I’ve had multiple discussions around Resource Pool level shares in vCloud Director over the last 2 years so I figured I would write an article about it. A lot easier to point people to the article instead, and it also allows me to gather feedback on this topic. If you feel I am completely off, please comment… I am going to quote a question which was raised recently.
One aspect of “noise neighbor” that seems to never be discussed within vCloud is the allocation of shares. An organization with a single VM has better CPU resource access per VM than an organization that has 100 VMs. The organization resource pools have equal number of shares, so each VM gets a smaller and smaller allocation of shares as the VM count in an organization virtual data center increases.
Before I explain the rationale behind the design decision around shares behavior in a vCloud environment it is important to understand some of the basics. An Org vDC is nothing more than a resource pool. The chosen “allocation model” for your Org vDC and the specified charateristics determine what your Resource Pool will look like. I wrote a fairly lengthy article about it a while back, if you don’t understand allocation models take a look at it.
When an Org vDC is created on a vSphere layer a resource pool is created and it will typically have the following characteristics. In this example I will use the “Allocation Pool” allocation model as it is the most commonly used:
Org vDC Characteristics –> Resource Pool Characteristics
- Total amount of resources –> Limit set to Y
- Percentage of resources guaranteed –> Reservation set to X
On top of that each resource pool has a fixed number of shares. The difference between the limit and the reservation is often referred to as the “bust space”. Typically each VM will also have a reservation set. If 80% of your memory resources are guaranteed this will result in a 80% reservation on memory on your VM as well. This means that when you start deploying new VMs in to that resource pool you will be able to create as many until the limit is reached. In other words:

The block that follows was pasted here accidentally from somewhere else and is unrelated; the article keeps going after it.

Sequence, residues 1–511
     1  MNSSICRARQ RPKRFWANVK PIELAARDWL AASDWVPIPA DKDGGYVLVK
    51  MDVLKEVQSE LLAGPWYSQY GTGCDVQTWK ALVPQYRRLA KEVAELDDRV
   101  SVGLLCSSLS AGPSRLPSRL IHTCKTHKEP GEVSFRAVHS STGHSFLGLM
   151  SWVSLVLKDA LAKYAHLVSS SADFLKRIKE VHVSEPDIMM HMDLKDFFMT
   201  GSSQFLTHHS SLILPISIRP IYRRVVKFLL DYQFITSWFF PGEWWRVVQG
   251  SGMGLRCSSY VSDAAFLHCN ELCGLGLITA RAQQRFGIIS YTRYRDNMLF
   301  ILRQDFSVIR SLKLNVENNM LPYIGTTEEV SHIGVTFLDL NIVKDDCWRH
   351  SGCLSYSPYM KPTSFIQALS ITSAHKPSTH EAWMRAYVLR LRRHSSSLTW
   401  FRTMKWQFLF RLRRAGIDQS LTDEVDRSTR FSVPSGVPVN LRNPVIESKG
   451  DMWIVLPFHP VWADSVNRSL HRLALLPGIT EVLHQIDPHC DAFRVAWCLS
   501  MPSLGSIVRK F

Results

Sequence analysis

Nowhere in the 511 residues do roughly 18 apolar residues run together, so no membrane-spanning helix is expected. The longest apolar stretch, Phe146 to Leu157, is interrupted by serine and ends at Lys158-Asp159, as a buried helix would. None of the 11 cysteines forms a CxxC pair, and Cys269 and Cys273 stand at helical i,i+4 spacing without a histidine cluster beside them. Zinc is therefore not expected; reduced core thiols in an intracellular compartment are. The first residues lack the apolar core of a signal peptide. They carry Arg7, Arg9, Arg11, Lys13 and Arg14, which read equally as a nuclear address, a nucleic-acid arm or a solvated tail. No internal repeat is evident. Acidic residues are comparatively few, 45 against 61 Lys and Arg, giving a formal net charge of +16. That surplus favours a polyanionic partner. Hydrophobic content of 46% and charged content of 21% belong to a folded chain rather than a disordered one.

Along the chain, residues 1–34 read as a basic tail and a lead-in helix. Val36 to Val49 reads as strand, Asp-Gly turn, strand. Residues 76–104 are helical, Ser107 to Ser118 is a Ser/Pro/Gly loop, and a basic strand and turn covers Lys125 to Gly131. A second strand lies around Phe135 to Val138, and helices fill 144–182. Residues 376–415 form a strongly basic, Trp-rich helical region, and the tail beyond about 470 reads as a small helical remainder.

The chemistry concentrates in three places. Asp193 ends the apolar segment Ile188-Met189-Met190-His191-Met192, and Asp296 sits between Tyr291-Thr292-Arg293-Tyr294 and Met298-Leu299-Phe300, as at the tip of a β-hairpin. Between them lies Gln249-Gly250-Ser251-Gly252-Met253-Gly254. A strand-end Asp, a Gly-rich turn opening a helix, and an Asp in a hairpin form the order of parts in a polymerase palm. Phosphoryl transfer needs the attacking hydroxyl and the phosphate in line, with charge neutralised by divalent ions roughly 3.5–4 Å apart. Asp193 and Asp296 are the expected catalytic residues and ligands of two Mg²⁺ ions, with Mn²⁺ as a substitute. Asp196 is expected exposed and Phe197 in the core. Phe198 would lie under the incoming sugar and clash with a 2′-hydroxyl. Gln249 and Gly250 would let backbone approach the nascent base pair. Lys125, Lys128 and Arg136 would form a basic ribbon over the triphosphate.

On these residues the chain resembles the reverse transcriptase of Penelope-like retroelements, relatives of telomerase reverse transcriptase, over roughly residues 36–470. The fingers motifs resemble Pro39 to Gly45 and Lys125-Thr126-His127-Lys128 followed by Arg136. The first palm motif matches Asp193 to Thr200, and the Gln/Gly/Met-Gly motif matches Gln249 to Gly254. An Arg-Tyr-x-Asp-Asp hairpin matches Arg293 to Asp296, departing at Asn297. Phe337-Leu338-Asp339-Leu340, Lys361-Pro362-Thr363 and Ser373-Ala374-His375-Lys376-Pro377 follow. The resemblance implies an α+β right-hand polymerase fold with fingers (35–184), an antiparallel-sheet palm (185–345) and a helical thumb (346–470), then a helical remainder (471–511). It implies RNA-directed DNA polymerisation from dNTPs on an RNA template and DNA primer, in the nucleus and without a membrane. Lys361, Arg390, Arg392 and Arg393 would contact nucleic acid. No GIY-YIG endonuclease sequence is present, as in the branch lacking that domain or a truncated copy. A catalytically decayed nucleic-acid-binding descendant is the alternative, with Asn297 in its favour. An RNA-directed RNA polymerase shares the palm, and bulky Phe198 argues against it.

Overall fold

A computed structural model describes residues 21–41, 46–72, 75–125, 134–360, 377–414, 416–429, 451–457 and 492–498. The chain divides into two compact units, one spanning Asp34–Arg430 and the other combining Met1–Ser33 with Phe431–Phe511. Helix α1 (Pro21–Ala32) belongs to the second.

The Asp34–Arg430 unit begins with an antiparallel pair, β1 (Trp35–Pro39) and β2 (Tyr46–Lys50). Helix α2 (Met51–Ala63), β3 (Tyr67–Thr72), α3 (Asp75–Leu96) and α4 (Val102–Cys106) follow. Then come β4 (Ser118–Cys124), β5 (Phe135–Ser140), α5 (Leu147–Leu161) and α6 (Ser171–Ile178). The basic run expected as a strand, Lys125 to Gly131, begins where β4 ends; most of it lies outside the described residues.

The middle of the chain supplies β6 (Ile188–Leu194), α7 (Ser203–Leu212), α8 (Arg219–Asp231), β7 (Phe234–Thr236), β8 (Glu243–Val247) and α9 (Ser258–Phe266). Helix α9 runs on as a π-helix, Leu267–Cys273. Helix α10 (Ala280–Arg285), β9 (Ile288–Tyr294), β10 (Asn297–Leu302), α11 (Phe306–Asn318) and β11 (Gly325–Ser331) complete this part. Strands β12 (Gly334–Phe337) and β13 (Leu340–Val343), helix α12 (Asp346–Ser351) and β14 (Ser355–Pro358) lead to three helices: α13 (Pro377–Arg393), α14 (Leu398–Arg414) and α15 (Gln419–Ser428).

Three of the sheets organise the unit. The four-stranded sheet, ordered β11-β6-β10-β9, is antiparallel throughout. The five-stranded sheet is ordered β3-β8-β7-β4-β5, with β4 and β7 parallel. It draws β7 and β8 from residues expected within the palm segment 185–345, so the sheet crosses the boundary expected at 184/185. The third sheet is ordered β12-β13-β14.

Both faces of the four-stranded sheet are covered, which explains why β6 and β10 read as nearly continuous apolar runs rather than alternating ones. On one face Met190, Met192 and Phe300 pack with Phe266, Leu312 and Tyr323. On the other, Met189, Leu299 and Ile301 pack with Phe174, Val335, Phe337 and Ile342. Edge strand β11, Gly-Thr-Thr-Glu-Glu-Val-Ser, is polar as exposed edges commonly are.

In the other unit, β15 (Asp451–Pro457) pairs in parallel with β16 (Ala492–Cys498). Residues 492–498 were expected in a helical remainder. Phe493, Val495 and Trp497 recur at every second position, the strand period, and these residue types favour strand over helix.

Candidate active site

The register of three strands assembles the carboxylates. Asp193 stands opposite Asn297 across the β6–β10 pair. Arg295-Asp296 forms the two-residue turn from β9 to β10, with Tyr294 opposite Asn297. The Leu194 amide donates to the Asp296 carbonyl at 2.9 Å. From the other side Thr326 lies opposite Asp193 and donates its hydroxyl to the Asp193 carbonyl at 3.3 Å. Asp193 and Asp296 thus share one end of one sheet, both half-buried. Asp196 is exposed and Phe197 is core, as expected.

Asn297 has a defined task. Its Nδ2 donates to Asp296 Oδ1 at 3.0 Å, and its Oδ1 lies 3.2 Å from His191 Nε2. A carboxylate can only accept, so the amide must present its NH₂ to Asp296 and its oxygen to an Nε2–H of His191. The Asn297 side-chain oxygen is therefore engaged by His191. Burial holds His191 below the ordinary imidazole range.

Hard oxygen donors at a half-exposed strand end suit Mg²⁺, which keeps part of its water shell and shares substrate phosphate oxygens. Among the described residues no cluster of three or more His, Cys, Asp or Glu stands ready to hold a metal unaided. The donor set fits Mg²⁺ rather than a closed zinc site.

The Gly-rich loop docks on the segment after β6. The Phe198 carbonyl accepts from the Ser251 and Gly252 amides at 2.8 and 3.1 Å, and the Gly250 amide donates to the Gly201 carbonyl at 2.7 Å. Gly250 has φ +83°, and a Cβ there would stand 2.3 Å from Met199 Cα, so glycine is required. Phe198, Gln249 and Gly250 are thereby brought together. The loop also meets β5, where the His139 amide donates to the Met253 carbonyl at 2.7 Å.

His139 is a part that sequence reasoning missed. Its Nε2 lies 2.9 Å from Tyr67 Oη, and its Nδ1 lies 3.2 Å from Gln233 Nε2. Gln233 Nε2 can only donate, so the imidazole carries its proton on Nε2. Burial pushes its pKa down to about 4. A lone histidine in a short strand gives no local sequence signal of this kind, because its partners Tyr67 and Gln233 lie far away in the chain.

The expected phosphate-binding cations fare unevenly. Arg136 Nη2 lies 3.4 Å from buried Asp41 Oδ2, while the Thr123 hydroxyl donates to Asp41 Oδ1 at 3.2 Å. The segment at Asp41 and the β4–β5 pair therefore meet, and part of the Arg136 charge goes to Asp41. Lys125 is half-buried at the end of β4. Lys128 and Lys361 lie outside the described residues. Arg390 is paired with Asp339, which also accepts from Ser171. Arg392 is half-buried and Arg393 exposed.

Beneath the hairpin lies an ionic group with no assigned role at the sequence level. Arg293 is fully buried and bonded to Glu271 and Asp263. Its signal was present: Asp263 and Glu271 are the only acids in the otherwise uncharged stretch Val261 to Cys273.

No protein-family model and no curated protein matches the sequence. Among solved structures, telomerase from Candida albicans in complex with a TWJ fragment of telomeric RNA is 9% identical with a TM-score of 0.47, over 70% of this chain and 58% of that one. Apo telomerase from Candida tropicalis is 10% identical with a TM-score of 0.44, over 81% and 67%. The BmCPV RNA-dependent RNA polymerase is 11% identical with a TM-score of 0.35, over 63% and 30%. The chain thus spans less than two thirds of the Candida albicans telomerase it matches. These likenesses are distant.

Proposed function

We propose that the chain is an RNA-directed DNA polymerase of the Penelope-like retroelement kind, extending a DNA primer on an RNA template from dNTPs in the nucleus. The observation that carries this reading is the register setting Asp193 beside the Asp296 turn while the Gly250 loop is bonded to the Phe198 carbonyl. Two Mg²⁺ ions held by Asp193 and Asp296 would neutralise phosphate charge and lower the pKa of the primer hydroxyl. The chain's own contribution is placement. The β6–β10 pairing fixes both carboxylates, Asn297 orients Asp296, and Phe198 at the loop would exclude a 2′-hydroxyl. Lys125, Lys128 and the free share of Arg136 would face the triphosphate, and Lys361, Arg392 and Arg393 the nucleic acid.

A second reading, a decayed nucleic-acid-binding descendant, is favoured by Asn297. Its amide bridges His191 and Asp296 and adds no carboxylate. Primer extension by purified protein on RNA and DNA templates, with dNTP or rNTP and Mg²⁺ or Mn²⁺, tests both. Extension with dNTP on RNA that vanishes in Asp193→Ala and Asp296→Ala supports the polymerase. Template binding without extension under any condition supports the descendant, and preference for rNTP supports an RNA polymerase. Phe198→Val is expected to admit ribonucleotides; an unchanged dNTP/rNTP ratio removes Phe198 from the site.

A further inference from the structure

10GHz/10GB allocation pool Org vDC with 80% guaranteed resources = Resource pool with a 10GHz/GB limit and an 8GHz/GB reservation. In this pool you can create as many VMs until you hit those limits. Resources are guaranteed up to 8GHz/8GB!
Now what about those shares? The statement is, will the Org vDC with 100 VMs have less resource access than the Org vDC with only 10 VMs? Lets use that previous example again:
10GHz/10GB allocation pool with 80% resource guaranteed. This results in a resource pool with a 10GHz/10GB limit and an 8GHz/GB reservation.
Two Org VDCs are deployed, and each have the exact same characteristics. In “Org VDC – 1” 10 VMs were provisioned, while in “Org VDC – 2” 100 VMs are provisioned. It should be pointed out that the provider charges these customers for their Org VDC. As both decided to have 8GHz/GB guaranteed that is what they will pay for and when they exceed that “guarantee” they will be charged for it on top of that. They are both capped at 10GHz/GB however.
If there is contention than shares come in to play. But when is that exactly? Well after the 8GHz/GB of resources has been used. So in that case Org VDCs will be fighting over:
limit - reservation
In this scenario that is “10GHz/GB – 8GHz/GB = 2GHz/GB”. Is Org VDC 2 entitled to more resource access than Org VDC 1? No it is not. Let me repeat that, NO Org VDC 2 is not entitled to more resources.
Both Org VDC 1 and Org VDC 2 bought the exact same amount of resource. The only difference is that Org VDC 2 chose to deploy more VMs. Does that mean Org VDC 1’s VMs should receive less access to these resources just because they have less VMs? No they should not have less access! A provider cannot, in any shape or form, decide which Org VDC is entitled to more resources in that burst space, especially not based on the amount of VMs deployed as this gives absolutely no indication of the importance of these workloads.Org VDC 2 should buy more resources to ensure their VMs get what they are demanding.
Org VDC 1 cannot suffer because Org VDC 2 decided to overcommit. Both are paying for an equal slice of the pie… and it is up to themselves to determine how to carve that slice up. If they notice their slice of the pie is not big enough, they should buy a bigger or an extra slice!
However, there is a a scenario where shares can cause a “problem”… If you use “Pay As You Go” and remove all “guarantees” (reservations) and have contention in that scenario each resource pool will get the same access to the resources. If you have resource pools (Org VDCs) with 500 VMs and resource pools with 10 VMs this could indeed lead to a problem for the larger resource pools. Keep in mind that there’s a reason these “guarantees” were introduced in the first place, and overcommitting to the point where resources are completely depleted is most definitely not a best practice.